• Guest, The rules for the P & N subforum have been updated to prohibit "ad hominem" or personal attacks against other posters. See the full details in the post "Politics and News Rules & Guidelines."

Pennsylvania Voter ID Law Trial Set

Page 6 - Seeking answers? Join the AnandTech community: where nearly half-a-million members share solutions and discuss the latest tech.

Londo_Jowo

Lifer
Jan 31, 2010
17,304
158
106
londojowo.hypermart.net
Because if you vote absentee you don't have to prove it.

If the method of proving it is something everyone has (utility bill) it would be fine.

If you want to make a state issued ID the criteria it needs to be phased in not rushed just before an election.
I had to show an ID to get my Texas absentee ballot request form in 2008.
 

nehalem256

Lifer
Apr 13, 2012
15,670
6
0
Because if you vote absentee you don't have to prove it.

If the method of proving it is something everyone has (utility bill) it would be fine.

If you want to make a state issued ID the criteria it needs to be phased in not rushed just before an election.
And where is a utility bill considered proof of who you are?

Can I use it to buy alcohol? Or cigarettes? Or get employment?
 

Bowfinger

Lifer
Nov 17, 2002
15,776
392
126
The state is stating that when you vote in person; prove who you are.
Where is that a problem?

If the state is preventing you from proving it; there is then a problem.
Why are you being intentionally obtuse about this? What did I just say, in the very comment you quoted:
While that's a minor inconvenience for people like you and me, it can be a tremendous obstacle for many. The inevitable result is many of these people will not get that ID and will therefore become disenfranchised.
Rather than me going through what "the problem" is yet again, please consider going back and reading the many previous threads where it has already been explained in excruciating detail. It's probably already been explained several other times in this thread, come to think of it, but I just don't feel like looking.
 

EagleKeeper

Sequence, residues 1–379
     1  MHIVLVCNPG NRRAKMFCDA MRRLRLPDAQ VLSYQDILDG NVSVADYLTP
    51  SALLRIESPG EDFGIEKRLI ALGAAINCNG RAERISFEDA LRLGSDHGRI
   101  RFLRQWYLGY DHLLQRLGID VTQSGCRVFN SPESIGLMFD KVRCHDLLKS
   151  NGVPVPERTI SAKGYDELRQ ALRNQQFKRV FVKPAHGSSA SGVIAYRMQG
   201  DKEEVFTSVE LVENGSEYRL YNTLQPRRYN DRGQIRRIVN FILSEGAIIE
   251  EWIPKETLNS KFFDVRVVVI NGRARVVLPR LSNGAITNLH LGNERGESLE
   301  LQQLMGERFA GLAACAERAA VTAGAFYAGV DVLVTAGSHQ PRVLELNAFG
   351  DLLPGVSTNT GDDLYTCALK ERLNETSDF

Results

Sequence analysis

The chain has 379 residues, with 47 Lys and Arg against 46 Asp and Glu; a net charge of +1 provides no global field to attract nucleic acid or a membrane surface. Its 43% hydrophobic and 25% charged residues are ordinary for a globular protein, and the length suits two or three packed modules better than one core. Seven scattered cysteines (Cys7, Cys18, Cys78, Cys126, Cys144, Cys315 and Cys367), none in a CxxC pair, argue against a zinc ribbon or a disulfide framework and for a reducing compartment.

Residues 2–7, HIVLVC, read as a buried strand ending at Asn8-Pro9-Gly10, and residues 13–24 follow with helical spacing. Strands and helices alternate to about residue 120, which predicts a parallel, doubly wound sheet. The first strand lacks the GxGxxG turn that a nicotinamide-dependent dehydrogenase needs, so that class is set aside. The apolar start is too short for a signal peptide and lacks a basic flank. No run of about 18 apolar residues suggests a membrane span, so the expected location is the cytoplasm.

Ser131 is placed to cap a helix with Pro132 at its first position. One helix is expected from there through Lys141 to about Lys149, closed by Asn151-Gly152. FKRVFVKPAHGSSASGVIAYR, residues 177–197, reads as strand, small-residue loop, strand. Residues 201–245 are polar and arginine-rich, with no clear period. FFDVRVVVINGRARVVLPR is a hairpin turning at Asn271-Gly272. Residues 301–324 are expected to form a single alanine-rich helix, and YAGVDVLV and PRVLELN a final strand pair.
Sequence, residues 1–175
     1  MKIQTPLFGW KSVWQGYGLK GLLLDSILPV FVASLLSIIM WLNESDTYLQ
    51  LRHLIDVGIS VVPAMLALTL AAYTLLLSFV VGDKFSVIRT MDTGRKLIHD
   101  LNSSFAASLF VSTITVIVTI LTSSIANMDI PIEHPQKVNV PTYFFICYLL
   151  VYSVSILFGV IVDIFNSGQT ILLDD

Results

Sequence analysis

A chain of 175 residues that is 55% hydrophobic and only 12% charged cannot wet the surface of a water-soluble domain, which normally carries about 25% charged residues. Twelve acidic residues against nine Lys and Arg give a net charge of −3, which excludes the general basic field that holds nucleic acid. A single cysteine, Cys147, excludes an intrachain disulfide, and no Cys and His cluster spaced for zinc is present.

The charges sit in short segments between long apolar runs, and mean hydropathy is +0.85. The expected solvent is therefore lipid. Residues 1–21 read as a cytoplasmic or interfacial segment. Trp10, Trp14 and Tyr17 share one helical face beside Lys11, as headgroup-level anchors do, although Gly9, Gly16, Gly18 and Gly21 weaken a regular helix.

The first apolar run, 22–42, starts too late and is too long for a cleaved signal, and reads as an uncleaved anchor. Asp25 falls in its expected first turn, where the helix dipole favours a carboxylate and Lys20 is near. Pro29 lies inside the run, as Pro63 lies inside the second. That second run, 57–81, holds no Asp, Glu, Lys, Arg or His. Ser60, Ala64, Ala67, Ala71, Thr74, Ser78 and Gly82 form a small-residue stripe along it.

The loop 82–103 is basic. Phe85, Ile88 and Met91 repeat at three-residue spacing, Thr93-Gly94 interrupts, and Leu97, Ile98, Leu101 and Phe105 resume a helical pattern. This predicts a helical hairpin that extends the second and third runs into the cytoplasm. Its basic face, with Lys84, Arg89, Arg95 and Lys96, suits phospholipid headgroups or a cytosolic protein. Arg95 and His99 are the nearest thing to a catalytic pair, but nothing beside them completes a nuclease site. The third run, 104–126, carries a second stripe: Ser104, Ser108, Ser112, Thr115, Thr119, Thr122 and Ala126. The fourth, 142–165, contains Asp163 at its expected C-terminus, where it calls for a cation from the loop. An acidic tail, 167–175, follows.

Discussion Club Moderator<br>Elite Member
Staff member
Oct 30, 2000
42,599
5
0
Why are you being intentionally obtuse about this? What did I just say, in the very comment you quoted:
While that's a minor inconvenience for people like you and me, it can be a tremendous obstacle for many. The inevitable result is many of these people will not get that ID and will therefore become disenfranchised.
Rather than me going through what "the problem" is yet again, please consider going back and reading the many previous threads where it has already been explained in excruciating detail. It's probably already been explained several other times in this thread, come to think of it, but I just don't feel like looking.
And for those that it is an inconvenience; they will have plenty of time to get over that inconvenience.

If a person wants their vote to count; they WILL ensure that the meet the letter of the law.
 

csteggo

Member
Jul 5, 2004
70
0
0
Right, but I am a liar because of it.

Do you all want links or do you want to Google it for yourselves?
Do you think that having a voter ID would have stopped any of these voter registration issues from occurring? Perhaps passing legislation making voter registration more stringent would be a more intelligent approach. Actually there are a lot of more intelligent approaches. This legislation that was passed was about 1 thing and 1 thing only. Voter suppression. There is "No" other logical explanation. Please feel free to offer another plausible explanation for requiring a voter ID that not all can get to solve a problem that does not currently exist. All people should have an ID is not an explanation.. That is a statement. Every legal person should have the right to vote whether you agree with their sentiments or not. Or in your case whether or not they can logically reason.
 

Bowfinger

Lifer
Nov 17, 2002
15,776
392
126
And for those that it is an inconvenience; they will have plenty of time to get over that inconvenience.

If a person wants their vote to count; they WILL ensure that the meet the letter of the law.
So be it. I've already addressed that attitude in post #106.
 

PokerGuy

Lifer
Jul 2, 2005
13,652
199
101
Why are you being intentionally obtuse about this? What did I just say, in the very comment you quoted:
While that's a minor inconvenience for people like you and me, it can be a tremendous obstacle for many. The inevitable result is many of these people will not get that ID and will therefore become disenfranchised.


Disfranchisement (also called disenfranchisement) is the revocation of the right of suffrage (the right to vote) of a person or group of people, or rendering a person's vote less effective, or ineffective. Disfranchisement may occur explicitly through law, or implicitly by intimidation or by placing unreasonable requirements.